The first question we will ask about Christianity in this blog concerns the doctrine of salvation. According to the doctrinal statements of virtually all of the Christian religions, anyone who wants to spend eternity in heaven with God must believe that Jesus Christ existed, died for our sins, and rose from the dead. This doctrine is a central tenant of the Christian faith; it is part of what makes Christianity different from other religions and philosophies. This is an exclusive claim; all who do not accept Jesus Christ will be condemned to hell for eternity.
On such an important doctrine as this, it is imperative we understand the logical consequences of that belief. As philosophy has long taught us, if we discover inconsistencies or contradictions within a particular belief we must question the validity of that belief. The Christian philosopher David Elton Trueblood instructs us: “It is not intellectually honest to hold a position after it is known that the position leads inevitably to other positions which are recognized as false”.  The effectiveness of examining our beliefs for contradictions is illustrated by Albert Einstein. He stated part of how he came to his revolutionary theories of the universe was to examine contradictions in scientific beliefs that were apparent for years but, for a variety of reasons, ignored.  As a result of Einstein’s work, scientists now have a better understanding of how our universe is constructed. Likewise, by examining our Christian beliefs for contradictions, we will either further verify our beliefs or we will discover areas in which our understanding of how God relates to us is deficient and needs to be revised.
Because Christians claim that Jesus is the only way we can be saved and go to heaven, three questions immediately surface.
1. How can God be a God of love and justice and yet condemn people to hell who either have not heard of Jesus or whose culture and/or religion tells them Jesus is irrelevant?
2. God made us finite; he constructed our existence so certainty in regards to historical events is not absolute. For example, while there is substantial evidence for the resurrection of Jesus, there will always remain an element of doubt. So how can God condemn people to hell for not believing in something for which they cannot obtain certain proof?
3. God seems to confuse the issue of what salvation is. There are at least 70 verses in the New Testament which state salvation is obtained through belief in God or through our conduct, pattern of behavior, motivation, use of abilities, and repentance. If belief in Jesus is the only way to heaven, why did God include these verses in the Bible?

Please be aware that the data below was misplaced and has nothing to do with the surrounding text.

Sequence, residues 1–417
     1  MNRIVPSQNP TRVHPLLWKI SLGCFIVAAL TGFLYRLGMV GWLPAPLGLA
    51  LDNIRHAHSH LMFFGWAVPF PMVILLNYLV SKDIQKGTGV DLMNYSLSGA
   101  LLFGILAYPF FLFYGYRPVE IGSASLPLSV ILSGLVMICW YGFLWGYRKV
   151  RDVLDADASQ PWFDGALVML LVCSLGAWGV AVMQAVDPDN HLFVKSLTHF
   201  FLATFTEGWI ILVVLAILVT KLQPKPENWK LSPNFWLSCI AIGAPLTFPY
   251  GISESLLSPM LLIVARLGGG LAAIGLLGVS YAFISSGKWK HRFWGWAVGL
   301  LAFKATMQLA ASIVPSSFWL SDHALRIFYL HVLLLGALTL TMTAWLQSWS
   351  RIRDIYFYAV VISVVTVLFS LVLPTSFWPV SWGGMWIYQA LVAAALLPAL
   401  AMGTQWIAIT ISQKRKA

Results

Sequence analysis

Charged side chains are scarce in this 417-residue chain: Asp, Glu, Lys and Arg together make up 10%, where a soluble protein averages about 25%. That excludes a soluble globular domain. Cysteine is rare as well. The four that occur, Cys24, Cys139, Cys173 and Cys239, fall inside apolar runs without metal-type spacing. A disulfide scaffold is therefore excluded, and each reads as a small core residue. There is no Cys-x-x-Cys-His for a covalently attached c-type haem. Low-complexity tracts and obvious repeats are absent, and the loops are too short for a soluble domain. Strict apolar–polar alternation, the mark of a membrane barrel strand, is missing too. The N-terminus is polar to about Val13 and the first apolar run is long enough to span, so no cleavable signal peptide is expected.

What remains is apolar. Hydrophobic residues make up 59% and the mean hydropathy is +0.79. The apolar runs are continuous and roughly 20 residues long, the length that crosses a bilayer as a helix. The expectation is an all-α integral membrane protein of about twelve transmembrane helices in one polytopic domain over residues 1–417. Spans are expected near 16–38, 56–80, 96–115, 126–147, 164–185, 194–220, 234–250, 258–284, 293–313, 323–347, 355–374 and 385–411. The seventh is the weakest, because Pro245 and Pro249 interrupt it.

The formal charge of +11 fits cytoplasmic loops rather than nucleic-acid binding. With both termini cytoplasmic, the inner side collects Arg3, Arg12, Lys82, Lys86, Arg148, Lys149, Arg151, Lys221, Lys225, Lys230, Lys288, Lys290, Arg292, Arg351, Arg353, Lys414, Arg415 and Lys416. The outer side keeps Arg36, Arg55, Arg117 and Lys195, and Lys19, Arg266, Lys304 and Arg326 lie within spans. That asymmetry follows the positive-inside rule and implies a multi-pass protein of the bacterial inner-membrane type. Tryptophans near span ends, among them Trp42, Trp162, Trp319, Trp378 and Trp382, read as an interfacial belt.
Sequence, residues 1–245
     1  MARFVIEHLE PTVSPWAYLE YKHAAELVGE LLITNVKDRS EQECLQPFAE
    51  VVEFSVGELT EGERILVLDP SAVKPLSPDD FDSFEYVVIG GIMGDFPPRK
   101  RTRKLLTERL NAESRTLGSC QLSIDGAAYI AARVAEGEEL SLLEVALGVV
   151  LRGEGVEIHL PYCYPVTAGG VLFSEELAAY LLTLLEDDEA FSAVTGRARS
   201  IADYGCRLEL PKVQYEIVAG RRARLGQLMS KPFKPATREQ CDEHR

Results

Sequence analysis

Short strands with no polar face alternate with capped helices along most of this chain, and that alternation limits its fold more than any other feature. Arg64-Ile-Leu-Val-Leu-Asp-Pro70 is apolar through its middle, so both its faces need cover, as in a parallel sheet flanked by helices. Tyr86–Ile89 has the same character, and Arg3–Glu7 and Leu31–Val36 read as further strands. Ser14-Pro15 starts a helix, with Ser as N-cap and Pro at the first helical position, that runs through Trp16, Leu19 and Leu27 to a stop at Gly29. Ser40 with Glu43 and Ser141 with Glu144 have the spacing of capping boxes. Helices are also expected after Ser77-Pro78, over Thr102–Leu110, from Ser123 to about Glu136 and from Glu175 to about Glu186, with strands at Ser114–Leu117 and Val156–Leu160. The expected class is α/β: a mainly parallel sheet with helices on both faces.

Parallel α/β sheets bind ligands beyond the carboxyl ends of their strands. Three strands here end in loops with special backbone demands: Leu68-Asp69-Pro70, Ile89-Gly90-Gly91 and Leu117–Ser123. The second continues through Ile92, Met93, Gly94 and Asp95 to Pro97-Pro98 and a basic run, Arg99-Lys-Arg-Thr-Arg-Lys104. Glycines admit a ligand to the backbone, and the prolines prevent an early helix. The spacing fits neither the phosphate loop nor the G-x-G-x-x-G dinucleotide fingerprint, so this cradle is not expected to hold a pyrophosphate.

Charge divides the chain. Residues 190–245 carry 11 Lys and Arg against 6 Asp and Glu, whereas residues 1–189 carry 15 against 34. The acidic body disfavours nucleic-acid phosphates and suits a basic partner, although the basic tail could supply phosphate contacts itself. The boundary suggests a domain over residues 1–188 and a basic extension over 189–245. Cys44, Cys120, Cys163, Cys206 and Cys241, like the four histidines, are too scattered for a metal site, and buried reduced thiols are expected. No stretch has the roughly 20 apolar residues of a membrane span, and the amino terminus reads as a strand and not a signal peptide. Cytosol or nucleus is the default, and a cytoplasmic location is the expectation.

What should we do about these contradictions? Most of us acknowledge these problems but respond in ways that do not resolve the issue. Either we repeat the answers Christians have used for years (we will show in future blogs those answers are not valid) or, because we have no answer, we essentially ignore it. Some ignore this problem by asserting that God knows what he is doing and we will find an answer to this problem when God explains it to us in heaven. I do not have a problem if Christians rely on their faith to resolve this issue but it does not work for me for two reasons. First, both of these responses do not make these contradictions go away and these contradictions only serve to drive people away from Christ. Second, like Pascal, I believe there must be a resolution of all contradictory passages in the Bible or God has no meaning at all.  On an issue as critical as the salvation of our souls, I cannot believe God has constructed our existence like some Alice in Wonderland world in which we must believe in a half a dozen impossible things before breakfast  if we want to be saved. If there is a contradiction in our theology, the most likely explanation is our interpretation of the Bible is in error—we do not fully understand what God is telling us.
I believe there is a resolution to these contradictions. In the next three (3) blogs, we will explore in detail each of the contradictions we have listed to ensure we fully understand the problem. It is imperative we have a full grasp of the problems we face before we attempt to resolve these issues.
 David Elton Trueblood, General Philosophy (New York: Harper & Row: 1963), pp. 9-10.
 Ronald W. Clark, Einstein: The Life and Times (New York: The World Publishing Company, 1971), p. 86.
 A. J. Krailsheimer, Trans., Pascal: Pensées, (Harmondsworth, Middlesex, England: Penguin Books, 1966), p.106.
 Lewis Carroll, Alice’s Adventures in Wonderland & Through the Looking Glass (Mahwah, NJ: Watermill Press, 1983), p. 187.